People have been suddenly dropping dead from cancer, flu, random infections, et al for all of human history. In my mother's youth every summer random kids came down with polio. They woke up one morning saying "momma I can't move my legs" and that was the end of their dreams.

Animals also drop dead. Why do you think there are so many animal rituals designed to avoid actual combat? Why do you think males of species that fight each other chest pound, yell, stomp, leap, or otherwise put on these displays? Because one injury can mean death. Even a scrape can easily get infected. Such displays are designed to avoid this scenario as often as possible.

> Instead of focussing on healthy diet, lifestyle, exercise, managing stress,

Western medicine does focus on these things. They aren't magic cures any more than pills are... but peddlers of woo and unscientific nonsense often like to pretend diet can cure every disease, so I'd urge caution lest someone think you're one of those people.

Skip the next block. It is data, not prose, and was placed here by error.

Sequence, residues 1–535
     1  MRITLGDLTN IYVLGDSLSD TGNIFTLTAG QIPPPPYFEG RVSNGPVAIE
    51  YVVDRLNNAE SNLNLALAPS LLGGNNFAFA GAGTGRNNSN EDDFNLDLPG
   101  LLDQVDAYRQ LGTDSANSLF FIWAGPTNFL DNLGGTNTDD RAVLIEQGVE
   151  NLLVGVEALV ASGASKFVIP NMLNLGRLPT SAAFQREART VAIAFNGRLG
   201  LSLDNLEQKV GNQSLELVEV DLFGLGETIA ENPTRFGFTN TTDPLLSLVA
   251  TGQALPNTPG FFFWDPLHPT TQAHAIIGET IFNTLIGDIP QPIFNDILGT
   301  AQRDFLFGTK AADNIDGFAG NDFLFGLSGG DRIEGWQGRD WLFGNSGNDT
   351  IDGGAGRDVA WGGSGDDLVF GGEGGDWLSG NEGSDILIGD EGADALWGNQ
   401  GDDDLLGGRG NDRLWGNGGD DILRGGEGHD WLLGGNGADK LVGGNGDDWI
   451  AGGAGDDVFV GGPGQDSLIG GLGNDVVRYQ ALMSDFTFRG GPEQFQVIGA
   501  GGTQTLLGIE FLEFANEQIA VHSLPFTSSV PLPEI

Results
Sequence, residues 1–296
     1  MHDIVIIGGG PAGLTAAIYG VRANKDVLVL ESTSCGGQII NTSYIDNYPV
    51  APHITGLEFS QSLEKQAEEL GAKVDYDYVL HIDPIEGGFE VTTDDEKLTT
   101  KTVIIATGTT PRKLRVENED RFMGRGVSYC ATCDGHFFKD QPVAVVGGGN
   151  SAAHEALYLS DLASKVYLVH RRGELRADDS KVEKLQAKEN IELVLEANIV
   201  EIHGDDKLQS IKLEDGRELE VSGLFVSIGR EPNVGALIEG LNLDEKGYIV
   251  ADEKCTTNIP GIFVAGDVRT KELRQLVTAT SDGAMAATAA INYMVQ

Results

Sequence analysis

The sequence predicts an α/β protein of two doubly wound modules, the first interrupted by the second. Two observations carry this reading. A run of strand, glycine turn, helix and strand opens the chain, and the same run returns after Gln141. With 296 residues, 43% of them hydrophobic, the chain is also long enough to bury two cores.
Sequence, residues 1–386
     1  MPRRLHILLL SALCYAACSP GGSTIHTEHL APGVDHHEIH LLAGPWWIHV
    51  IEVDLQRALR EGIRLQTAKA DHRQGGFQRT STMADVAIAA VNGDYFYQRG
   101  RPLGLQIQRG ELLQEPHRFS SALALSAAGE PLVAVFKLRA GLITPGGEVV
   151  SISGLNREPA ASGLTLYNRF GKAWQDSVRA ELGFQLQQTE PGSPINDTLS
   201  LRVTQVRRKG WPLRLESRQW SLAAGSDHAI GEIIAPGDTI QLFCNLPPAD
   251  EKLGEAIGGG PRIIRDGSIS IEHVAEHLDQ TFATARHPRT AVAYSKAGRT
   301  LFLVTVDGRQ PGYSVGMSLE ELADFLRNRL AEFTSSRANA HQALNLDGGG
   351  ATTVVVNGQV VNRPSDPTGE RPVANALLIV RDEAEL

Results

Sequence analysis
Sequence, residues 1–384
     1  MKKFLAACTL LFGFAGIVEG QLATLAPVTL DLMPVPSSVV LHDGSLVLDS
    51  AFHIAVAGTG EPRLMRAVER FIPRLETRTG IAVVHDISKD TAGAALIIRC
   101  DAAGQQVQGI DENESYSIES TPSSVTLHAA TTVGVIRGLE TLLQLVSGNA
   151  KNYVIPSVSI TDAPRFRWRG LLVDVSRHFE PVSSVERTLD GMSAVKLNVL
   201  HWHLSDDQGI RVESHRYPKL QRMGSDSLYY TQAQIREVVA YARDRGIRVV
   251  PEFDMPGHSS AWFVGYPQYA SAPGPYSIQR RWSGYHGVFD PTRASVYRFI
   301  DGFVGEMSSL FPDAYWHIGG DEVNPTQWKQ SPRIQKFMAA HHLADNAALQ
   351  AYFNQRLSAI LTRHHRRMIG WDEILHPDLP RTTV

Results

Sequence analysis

Hey there, you needn't be so belligerent on this topic; it's a topic where everyone cares about the right things - i.e., keeping people alive and well for longer.

Through my own health challenges that have extended back 10+ years, I've avidly used both conventional medicine and natural/complementary treatments (acupuncture, naturopathy, emotion-based therapies, therapeutic breathing exercises), and through extensive experience I know better than most that both have their place and both serve very different functions.

Nobody doubts that modern medical innovations like antibiotics, complex surgery and many other western medical approaches have done tremendous good in terms of curing previously incurable illnesses and extending lives.